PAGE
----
The Uganda National Bureau of Standards (UNBS) says it has developed ninety standards to guard the East African nation’s environment from substandard goods.
The development was revealed in a news release issued by the standards watchdog in celebration of World Standards Day, which was celebrated Wednesday under the theme: protecting the planet with standards.
“In line with this year’s World Standards Day theme; ‘protecting the planet with standards’, UNBS has developed over 48 standards on environmental management, 30 photovoltaic/solar standards, seven biogas standards, two charcoal and charcoal briquette standards, one energy-efficient stoves standard and two energy labelling standards in a bid to protect the environment,” reads the news release.
Officials say implementing these standards will help promote sustainability by preparing the ground for renewable energy usage and integration into the electricity grid, paving the way for circular economy processes, including the recycling and reuse of materials as well as providing benchmarks for energy efficiency in multiple devices and systems.
“Their broad use, therefore, reduces the environmental impact of industrial production and processes, facilitates the reuse of limited resources and improves energy efficiency, thus protecting the planet,” they say.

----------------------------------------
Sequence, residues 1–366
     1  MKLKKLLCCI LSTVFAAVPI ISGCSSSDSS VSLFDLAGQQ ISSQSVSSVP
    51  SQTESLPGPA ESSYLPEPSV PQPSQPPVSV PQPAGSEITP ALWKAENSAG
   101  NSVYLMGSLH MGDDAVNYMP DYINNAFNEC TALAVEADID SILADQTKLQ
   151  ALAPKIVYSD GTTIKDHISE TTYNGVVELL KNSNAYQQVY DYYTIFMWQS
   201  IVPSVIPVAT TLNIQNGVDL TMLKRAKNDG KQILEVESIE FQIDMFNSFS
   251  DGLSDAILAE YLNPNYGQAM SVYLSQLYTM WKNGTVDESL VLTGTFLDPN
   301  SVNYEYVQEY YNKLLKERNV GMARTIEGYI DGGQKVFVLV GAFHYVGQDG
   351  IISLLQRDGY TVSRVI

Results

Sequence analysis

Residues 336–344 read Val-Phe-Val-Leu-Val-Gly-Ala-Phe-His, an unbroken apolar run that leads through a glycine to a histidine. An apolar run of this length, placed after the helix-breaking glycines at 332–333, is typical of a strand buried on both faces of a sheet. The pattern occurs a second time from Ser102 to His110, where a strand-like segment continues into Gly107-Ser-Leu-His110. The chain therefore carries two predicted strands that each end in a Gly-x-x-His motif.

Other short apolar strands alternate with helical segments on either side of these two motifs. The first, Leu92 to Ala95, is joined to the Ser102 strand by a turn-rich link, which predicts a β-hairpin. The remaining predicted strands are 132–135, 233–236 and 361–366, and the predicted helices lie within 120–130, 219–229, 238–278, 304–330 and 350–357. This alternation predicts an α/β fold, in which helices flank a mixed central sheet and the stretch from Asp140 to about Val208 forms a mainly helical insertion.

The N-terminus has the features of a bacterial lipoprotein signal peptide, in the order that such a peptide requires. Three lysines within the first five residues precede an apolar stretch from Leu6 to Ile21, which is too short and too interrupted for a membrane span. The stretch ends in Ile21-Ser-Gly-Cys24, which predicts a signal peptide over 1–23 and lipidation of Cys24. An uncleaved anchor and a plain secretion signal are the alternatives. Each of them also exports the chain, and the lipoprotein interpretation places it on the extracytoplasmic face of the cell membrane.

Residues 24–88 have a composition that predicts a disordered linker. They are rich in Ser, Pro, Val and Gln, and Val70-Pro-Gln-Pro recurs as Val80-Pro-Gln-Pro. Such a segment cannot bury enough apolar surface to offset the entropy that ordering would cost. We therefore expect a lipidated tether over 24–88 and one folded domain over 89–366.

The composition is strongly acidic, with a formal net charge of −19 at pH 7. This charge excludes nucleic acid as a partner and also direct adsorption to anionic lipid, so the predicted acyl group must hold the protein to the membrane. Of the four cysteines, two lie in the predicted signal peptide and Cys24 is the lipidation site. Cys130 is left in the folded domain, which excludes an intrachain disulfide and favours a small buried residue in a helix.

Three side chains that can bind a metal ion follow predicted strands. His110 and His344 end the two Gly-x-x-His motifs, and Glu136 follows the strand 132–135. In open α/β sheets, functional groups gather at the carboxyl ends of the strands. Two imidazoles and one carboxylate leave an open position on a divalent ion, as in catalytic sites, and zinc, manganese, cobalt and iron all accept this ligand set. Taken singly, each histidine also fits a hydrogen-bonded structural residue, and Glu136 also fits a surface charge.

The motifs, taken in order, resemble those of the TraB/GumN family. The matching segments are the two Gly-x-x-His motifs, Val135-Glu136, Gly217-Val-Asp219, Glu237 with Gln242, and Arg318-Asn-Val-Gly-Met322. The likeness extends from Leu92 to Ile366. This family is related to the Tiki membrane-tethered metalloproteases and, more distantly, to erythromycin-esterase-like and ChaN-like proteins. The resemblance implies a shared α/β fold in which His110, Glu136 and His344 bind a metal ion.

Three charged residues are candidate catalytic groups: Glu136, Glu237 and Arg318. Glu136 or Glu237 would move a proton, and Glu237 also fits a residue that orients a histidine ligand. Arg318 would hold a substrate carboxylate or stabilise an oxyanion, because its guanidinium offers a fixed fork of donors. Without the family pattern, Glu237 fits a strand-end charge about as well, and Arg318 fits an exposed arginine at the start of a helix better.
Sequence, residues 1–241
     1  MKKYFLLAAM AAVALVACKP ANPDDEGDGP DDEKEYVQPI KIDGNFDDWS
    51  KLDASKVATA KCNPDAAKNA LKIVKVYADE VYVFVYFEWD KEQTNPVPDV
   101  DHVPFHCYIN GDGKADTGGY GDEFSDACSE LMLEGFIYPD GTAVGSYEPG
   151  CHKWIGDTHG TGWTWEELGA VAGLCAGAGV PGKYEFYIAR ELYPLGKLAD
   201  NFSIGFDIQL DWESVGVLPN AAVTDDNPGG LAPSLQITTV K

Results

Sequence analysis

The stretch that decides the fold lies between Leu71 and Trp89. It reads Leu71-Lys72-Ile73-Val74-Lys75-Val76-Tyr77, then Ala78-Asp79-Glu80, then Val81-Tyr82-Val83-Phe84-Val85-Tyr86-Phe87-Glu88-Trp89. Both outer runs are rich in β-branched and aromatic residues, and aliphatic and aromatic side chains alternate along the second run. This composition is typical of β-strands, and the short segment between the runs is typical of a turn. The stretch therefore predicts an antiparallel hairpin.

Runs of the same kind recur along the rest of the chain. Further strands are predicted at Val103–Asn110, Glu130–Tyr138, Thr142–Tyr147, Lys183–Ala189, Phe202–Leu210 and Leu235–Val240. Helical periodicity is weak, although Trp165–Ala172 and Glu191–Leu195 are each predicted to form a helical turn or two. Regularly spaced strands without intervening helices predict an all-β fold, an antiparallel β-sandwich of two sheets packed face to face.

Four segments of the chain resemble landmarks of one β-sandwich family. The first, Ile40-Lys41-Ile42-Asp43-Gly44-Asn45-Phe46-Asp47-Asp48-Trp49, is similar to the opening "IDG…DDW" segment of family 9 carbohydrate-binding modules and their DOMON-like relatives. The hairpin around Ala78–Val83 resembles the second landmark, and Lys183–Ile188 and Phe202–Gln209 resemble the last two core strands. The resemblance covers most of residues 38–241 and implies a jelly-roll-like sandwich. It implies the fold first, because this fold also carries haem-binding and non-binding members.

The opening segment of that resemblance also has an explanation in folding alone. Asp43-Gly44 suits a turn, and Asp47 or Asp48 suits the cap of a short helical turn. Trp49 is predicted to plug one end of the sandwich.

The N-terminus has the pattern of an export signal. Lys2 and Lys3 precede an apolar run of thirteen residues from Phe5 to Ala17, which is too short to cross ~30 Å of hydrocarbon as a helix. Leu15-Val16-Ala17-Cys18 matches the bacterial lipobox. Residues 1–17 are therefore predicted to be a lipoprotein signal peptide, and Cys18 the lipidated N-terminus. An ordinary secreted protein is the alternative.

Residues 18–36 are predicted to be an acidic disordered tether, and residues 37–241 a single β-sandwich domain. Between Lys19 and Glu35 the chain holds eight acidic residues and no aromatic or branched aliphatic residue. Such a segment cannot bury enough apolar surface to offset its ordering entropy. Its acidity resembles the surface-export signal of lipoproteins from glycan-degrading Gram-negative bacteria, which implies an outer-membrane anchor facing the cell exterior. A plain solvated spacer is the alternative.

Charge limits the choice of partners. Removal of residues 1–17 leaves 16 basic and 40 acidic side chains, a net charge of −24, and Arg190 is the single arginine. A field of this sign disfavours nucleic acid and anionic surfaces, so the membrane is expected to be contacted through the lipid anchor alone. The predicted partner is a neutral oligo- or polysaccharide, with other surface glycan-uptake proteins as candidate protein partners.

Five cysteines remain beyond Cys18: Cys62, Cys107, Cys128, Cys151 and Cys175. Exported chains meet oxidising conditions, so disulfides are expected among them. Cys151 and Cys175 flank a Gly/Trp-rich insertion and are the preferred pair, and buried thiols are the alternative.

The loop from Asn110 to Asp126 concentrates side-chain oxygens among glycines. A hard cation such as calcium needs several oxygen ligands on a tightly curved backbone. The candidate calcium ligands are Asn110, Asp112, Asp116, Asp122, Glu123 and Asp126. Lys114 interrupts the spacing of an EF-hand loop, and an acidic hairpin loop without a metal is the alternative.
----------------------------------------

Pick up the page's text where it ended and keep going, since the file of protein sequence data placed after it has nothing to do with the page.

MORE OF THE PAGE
According to government data, industrial growth at 6.2% posted the second-highest growth in Uganda in 2019, falling behind the services sector whose growth averaged 7.6%.
To date, UNBS has developed 3948 standards in the areas of Food and agriculture, Engineering, Chemicals and consumer products and Management and services at national, regional and international levels.
In FY 2019/20, 505 new standards were developed to support key sectors of the economy and act as a catalyst for economic growth.
Despite the disruption due to the Covid-19 pandemic, UNBS says it has accelerated the digital transition to improve standards development processes through the use of online tools such as ISOlutions, SiMo (Standards management systems and online meeting platforms (Zoom, WebEx and Microsoft teams).
“Our pilot online meetings and stakeholder engagements have so far been successful and we hope our stakeholders and especially the private sector will be able to transition and increase participation in standards work,” officials said in a statement.
To contribute to the implementation of the Buy Uganda Build Uganda (BUBU) Policy, UNBS is working closely with Micro, Small and Medium Enterprises (MSMEs) to improve their products and systems that impact the environment and enable them to acquire certification.
“We continue to witness an exponential increase in the number of Micro, Small and Medium Scale Enterprises (MSMEs) seeking certification with over 1168 MSMEs registered and 304 MSMEs visited for on-site technical assistance and gap analysis in the financial year 2019/20,” reads the statement.